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Matt DeCample, Former Beebe Spokesman, Dies at 44

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Matt DeCample, the former spokesman for Gov. Mike Beebe who applied his reporter’s eye, comic’s wit and writer’s openness in a three-year struggle against an extremely rare and aggressive liver cancer, died Sunday in Little Rock.

He was 44.

A Seattle native who got his Stage 4 diagnosis at 41, a year and a half after the end of the Beebe administration, DeCample endured countless hours of chemotherapy with his own humorous elixir of blogging, improv comedy and many deep friendships, media and PR associates said Monday.

(DeCample also confessed to writer Dwain Hebda in a November article for AY Magazine that having a terminal condition had unleashed his inner Amazon shopper. “Before, when I’d be on Amazon, I’d be like, ‘Should I get that later?’ Now, I’m like, ‘Order it!’”)

“Humor is how I cope,” DeCample told Hebda. “I’m going to make jokes. It comes in handy.”

As a TV reporter, government spokesman and PR executive, DeCample built a reputation for helpfulness and mentoring, all offered in an endearing and goofy manner.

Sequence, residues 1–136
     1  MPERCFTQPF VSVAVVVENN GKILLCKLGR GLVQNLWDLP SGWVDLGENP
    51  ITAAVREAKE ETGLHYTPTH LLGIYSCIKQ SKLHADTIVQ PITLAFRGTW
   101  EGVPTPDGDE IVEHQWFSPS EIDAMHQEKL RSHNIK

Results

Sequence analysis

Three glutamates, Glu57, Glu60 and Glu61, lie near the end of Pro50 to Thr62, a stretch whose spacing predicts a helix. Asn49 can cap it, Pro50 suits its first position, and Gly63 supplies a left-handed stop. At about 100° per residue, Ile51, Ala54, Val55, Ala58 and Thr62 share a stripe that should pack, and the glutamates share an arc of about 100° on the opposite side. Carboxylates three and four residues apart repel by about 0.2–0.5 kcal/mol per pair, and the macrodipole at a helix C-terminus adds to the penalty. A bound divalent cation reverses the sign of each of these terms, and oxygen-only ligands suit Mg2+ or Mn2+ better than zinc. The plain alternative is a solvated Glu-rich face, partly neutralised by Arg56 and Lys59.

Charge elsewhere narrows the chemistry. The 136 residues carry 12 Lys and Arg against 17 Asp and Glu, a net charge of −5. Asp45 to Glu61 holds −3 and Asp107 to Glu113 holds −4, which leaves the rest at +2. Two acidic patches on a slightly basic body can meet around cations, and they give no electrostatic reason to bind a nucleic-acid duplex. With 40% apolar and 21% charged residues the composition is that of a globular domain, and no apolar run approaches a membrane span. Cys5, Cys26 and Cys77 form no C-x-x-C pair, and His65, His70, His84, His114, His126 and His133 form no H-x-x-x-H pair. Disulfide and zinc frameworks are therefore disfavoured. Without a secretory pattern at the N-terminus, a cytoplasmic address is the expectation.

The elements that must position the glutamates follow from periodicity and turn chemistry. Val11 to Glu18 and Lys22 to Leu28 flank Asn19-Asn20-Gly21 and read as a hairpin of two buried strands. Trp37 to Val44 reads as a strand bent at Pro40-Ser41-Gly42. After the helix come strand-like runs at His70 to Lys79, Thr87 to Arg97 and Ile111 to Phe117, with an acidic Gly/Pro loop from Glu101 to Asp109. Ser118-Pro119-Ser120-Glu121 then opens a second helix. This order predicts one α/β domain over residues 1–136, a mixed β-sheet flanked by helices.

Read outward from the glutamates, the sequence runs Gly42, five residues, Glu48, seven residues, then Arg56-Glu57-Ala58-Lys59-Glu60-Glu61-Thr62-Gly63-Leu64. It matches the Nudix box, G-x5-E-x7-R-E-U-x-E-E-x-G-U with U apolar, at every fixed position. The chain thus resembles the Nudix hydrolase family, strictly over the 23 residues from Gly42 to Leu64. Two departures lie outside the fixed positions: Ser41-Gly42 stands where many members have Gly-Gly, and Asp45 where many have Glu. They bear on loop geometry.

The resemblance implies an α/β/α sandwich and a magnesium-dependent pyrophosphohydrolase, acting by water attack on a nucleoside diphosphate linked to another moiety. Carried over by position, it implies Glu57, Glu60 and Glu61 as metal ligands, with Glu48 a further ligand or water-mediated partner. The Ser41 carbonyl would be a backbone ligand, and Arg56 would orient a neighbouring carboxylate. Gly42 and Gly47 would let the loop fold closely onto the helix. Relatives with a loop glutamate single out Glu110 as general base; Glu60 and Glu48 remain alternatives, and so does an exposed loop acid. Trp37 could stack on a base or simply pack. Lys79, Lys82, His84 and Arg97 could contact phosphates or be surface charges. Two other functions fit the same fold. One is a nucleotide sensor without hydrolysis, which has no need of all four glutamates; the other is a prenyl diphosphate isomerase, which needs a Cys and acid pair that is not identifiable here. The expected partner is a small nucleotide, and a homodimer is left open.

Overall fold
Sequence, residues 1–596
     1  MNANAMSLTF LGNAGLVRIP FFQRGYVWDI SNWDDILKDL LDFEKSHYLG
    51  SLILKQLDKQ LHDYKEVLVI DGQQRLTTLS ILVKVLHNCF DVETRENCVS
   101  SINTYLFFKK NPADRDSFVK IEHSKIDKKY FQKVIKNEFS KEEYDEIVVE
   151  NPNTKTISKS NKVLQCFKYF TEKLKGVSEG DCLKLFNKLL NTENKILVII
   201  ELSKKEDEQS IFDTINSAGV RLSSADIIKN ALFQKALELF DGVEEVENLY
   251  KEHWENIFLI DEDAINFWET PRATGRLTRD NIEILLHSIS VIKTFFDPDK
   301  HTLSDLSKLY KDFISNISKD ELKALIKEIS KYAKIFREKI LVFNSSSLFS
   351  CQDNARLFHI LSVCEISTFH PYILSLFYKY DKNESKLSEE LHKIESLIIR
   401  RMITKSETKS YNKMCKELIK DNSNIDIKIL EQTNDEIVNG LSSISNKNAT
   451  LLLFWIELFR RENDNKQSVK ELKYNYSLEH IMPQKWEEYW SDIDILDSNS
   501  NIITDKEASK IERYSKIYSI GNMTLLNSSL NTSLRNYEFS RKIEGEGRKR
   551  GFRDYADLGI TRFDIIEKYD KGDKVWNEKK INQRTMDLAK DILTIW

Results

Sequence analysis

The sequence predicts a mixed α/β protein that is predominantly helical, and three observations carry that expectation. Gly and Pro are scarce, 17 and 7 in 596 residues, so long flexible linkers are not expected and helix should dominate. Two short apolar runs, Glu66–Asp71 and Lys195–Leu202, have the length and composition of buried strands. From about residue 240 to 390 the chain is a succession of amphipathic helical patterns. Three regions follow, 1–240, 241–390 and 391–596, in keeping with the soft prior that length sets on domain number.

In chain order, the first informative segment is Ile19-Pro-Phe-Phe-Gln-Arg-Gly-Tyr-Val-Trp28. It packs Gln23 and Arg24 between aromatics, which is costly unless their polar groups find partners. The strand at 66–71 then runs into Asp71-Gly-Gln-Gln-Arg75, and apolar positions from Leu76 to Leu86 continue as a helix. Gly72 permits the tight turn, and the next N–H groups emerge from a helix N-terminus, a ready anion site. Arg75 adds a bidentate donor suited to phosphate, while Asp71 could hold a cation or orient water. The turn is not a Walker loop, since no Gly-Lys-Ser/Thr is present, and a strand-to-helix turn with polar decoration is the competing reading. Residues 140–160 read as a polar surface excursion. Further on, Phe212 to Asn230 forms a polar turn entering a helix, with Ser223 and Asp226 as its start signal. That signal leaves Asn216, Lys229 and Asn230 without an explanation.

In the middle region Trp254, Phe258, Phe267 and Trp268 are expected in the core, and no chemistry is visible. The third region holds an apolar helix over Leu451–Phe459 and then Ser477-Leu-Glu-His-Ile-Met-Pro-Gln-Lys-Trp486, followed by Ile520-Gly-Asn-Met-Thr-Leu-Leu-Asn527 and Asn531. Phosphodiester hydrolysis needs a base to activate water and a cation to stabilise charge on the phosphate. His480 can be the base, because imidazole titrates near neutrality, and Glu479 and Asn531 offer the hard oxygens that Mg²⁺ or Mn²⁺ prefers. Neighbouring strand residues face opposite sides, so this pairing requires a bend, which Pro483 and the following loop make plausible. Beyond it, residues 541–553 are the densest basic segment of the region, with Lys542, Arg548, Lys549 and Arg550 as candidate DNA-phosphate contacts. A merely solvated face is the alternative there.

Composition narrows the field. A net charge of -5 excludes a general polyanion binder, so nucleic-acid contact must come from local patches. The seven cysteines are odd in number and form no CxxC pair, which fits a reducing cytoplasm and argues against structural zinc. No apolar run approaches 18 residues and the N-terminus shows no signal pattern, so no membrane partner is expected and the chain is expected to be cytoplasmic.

Christina Munoz Madsen said DeCample, then KATV’s top political reporter, became a fast friend in just three months of working together in the early 2000s before DeCample went into political communications for then-Attorney General Beebe.

“He picked up the phone and called me to let me know he was going to be resigning from the station in about an hour, so that I could be the first to put in a request for his desk,” said Madsen, who also left TV for a communications career and is now a partner in her own firm, Munoz Pugh. “So I got his desk, in a great spot in the newsroom. Matt really took me under his wing, but always in a funny, lighthearted way.”

Gabe Holmstrom, executive director of the Downtown Little Rock Partnership, inherited more than a desk from DeCample. “He literally left me his office [as attorney general spokesman],” Holmstrom said in a telephone interview. “You talk about a daunting task, stepping in for someone as widely respected and widely liked as Matt, and it was my first full-time spokesman’s gig. Let’s just say I had his new direct line in the governor’s office and didn’t hesitate to use it.”

In a statement, Beebe said DeCample had “the rare combination of an incredibly quick mind and a depth of knowledge that was truly astounding.”